Nets building a roster that makes Kevin Durant want to stay in Brooklyn

The additions to the Nets’ roster this off-season suggest they are still trying to compete for a championship. The dark cloud hanging over the franchise in the light of Kevin Durant‘s trade request, on the other hand, would suggest otherwise.

The truth, as incumbent head coach Steve Nash likes to say, lies somewhere in the middle: Durant’s trade request has created a bit of an uneasy situation in Brooklyn, but the Nets seem willing—at least on the surface—to take this stalemate further in the off-season, and possibly training camp, if they’re not blown away by a deal that far exceeds the catch Utah Jazz got in the Rudy Gobert mega deal with the Minnesota Timberwolves.

The reality is that Durant has four years left on his contract and is one of the best basketball players to ever set foot on an NBA court. The Nets will not rush to sell low. And if Phoenix’s best offer — without Devin Booker at least — Deandre Ayton, Mikal Bridges, Cam Johnson, and six or seven years of combined picks and pick swaps isn’t enough, it’s unclear what any other team could reasonably offer. would make the Nets front office comfortable to agree to an exchange.

But amid what was a worst-case scenario — the utter thought of losing the greatest player in franchise history to a real run at an NBA championship — Nets GM Sean Marks delivers on his promise to improve Durant’s supporting cast in opening week. from NBA free agency. If he can put together a deep and talented supporting cast with the limited financial resources at his disposal, given the Nets’ status as a tax-paying team, Marks may be able to make Brooklyn’s grass green enough to convince Durant to stay put. .

Many have pointed to the Nets’ decision not to offer Bruce Brown a contract this off-season, and on the face of it, letting Brown walk to Denver on a modest two-year deal of $13 million seems like a blunder. But the Nets are expecting a healthy Ben Simmons for the first time since taking him in the James Harden deal. A healthy Simmons plays an average of about 34 minutes per game, and Nash said in his exit press conference that the team plans to use Simmons not only as the point guard and the initiator of the attack, but also as a center—a screener— and roller of Brown’s ilk in the last two seasons.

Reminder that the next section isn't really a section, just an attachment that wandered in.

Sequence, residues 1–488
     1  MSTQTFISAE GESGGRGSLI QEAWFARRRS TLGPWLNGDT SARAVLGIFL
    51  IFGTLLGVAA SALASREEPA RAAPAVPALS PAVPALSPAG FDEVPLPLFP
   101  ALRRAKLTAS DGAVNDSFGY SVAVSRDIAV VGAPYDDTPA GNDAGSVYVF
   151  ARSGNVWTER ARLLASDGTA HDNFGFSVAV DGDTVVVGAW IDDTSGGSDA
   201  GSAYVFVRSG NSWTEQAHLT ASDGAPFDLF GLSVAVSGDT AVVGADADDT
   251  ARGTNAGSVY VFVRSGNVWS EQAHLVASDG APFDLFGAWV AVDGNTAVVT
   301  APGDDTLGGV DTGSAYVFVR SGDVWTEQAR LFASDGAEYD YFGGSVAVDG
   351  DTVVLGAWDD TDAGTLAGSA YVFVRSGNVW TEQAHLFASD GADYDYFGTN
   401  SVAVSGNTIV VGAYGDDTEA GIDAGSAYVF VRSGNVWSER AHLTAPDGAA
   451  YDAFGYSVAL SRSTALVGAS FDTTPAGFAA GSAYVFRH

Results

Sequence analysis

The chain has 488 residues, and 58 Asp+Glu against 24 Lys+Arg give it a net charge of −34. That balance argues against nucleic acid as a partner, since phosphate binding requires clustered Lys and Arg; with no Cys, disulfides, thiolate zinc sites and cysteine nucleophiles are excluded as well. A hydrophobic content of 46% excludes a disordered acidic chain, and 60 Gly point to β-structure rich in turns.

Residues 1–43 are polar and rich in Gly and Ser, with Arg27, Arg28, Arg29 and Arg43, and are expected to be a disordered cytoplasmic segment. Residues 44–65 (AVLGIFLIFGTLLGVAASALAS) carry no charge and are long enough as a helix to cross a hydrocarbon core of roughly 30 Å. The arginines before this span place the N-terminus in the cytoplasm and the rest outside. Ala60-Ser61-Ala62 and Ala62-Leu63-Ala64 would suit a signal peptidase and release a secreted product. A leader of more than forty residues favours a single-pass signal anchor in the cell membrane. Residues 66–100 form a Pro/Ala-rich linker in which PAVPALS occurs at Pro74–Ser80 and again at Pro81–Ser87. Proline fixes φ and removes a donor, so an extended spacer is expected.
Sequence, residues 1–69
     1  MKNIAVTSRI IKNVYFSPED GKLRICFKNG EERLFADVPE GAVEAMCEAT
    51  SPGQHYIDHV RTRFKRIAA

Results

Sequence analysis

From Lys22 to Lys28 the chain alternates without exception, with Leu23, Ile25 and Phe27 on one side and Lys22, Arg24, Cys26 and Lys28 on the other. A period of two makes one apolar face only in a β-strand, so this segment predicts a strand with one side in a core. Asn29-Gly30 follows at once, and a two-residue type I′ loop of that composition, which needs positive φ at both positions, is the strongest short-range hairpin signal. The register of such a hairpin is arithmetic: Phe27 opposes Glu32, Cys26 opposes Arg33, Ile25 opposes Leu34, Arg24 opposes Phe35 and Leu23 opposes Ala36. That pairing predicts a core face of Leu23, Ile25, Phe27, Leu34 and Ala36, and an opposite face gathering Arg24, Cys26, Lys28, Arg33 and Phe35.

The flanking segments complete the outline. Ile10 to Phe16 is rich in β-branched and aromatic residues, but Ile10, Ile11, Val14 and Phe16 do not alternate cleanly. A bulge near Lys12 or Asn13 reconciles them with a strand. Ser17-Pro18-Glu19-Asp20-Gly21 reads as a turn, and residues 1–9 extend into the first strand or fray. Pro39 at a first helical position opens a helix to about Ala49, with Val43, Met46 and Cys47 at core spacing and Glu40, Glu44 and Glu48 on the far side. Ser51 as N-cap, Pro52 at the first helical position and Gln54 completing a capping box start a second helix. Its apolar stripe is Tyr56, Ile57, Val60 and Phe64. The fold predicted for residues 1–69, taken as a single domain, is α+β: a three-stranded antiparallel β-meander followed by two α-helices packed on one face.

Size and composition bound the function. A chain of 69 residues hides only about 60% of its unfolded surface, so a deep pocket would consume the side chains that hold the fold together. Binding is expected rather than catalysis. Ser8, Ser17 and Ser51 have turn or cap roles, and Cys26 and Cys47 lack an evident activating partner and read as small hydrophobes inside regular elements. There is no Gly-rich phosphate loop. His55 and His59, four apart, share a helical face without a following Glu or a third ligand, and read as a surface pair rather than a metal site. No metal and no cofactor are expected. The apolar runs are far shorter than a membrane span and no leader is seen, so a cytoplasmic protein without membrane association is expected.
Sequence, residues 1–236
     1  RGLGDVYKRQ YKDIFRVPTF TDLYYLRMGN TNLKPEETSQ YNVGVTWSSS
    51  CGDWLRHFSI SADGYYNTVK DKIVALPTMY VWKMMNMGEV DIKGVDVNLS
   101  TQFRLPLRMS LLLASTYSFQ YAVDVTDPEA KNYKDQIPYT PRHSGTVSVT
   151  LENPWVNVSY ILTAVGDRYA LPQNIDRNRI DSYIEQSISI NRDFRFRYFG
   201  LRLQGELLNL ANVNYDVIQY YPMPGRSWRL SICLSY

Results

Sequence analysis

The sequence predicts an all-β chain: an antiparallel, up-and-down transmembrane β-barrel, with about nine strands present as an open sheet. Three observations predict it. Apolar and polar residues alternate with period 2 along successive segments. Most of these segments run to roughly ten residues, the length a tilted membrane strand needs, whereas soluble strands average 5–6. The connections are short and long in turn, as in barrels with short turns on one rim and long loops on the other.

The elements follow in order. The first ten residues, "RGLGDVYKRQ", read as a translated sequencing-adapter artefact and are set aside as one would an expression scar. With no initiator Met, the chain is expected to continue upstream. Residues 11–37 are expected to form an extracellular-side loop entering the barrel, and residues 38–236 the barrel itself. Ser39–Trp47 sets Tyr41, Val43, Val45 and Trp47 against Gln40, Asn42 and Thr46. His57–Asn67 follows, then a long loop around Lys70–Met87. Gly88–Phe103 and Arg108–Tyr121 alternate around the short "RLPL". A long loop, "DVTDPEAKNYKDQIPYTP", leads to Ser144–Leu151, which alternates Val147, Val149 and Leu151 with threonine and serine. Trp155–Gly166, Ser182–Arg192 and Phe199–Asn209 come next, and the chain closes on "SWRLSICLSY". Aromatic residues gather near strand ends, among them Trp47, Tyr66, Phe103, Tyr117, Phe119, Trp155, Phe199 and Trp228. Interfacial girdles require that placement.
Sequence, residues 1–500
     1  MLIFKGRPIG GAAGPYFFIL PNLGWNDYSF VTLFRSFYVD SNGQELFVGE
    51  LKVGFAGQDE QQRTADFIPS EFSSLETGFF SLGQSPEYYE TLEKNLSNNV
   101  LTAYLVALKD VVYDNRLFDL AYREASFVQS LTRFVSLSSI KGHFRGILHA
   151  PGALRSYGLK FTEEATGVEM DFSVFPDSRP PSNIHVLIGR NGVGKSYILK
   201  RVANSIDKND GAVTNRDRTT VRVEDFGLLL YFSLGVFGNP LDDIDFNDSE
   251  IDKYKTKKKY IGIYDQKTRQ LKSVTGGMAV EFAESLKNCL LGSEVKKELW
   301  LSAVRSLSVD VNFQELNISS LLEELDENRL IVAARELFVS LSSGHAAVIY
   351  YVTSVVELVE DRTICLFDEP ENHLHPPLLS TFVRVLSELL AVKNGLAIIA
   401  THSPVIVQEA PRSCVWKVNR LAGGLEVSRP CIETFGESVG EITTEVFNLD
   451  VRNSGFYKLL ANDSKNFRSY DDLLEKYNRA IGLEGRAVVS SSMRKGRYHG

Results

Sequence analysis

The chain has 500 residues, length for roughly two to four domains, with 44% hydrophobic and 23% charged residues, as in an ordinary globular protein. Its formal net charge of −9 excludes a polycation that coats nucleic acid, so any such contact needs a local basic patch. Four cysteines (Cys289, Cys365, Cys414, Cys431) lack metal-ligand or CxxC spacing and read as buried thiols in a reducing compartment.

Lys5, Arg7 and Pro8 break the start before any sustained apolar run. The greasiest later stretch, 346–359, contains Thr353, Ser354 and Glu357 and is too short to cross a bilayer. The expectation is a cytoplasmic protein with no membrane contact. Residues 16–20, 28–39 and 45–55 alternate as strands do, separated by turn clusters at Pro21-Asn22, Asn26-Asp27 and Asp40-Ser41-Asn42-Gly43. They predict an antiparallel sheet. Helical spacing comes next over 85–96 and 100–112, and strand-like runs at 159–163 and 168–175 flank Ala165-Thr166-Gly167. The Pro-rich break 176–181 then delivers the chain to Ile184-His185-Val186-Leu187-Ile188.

The Nets have made a business decision: not pay too much to have roster redundancy. Instead, they used their trade exception to acquire Utah Jazz 3-and-D grand piano Royce O’Neale.

O’Neale has long been a player the Nets have been looking for, and Brooklyn tried to trade for him last season, according to HoopsHype’s Michael Scotto. While Brown shot 40% of the three-point range last season, his shooting rates were not only high in his career, but also an outlier. Brown must cement his mark as a shooter with an encore next season before teams start treating him as a legitimate outside threat.

O’Neale is a threat, and it could be argued that the Nets overpaid by picking a first round in 2023 to persuade the Jazz to a deal. The answer to that argument, however, is that the Nets don’t own the rights to that choice after all. It will be the least favorable of their own, the Houston and Philadelphia first-rounder next season. time.

Which brings us to the other signings: The Nets signed veteran scorer TJ Warren, and The Athletic reported getting him on the veteran minimum. Warren has missed all but four games in the past two seasons with what has been reported as a navicular fracture to his left foot. In the last three full seasons, Warren has played but averages close to 20 points per game. He’s a six-foot-8 forward who ticks two boxes: meeting Durant’s criteria when he tweeted “it’s a wing’s league”, and adding size to a Nets team that was bullied in their first round last season by the Celtics.

The Nets also added a big guard: Edmond Sumner, who missed the entire season last season after having surgery on his Achilles tendon, but the last time he played games for the Indiana Pacers, he shot a 39% clip from center.

While Nets made these improvements, they still have their best available tool for adding an impact player to free agency: the average taxpayer exception, which can be a one-year deal at $6.5 million or a three-year deal. worth $20 million. The MLE can also be split across multiple players, so if more players like Warren are willing to accept a pay cut to join a championship contender, the Nets can host them for a few hundred thousand dollars more than the veteran minimum. Some players that make sense given Brooklyn’s roster construction are shot-blocker Hassan Whiteside, defensive dog Avery Bradley, backup speed demon Dennis Schroder, reserve big man Nemanja Bjelica, three-and-D wing Ben McLymore; and annoying and former NBA champion Rajon Rondo.

Those free agents, however, want clarity on Durant’s status in Brooklyn before making any commitment. Durant’s trade request has frozen things in basketball. But what’s clear in Brooklyn from their moves in the wake of Durant’s request is that they’re still trying to win games.

Can Marks put a good enough supporting cast around Durant to make him rethink a future in Brooklyn? Kobe Bryant once asked for a trade on Los Angeles public radio, saying he would rather play on Pluto than return to the Lakers, only to win five championships and never play for another team.

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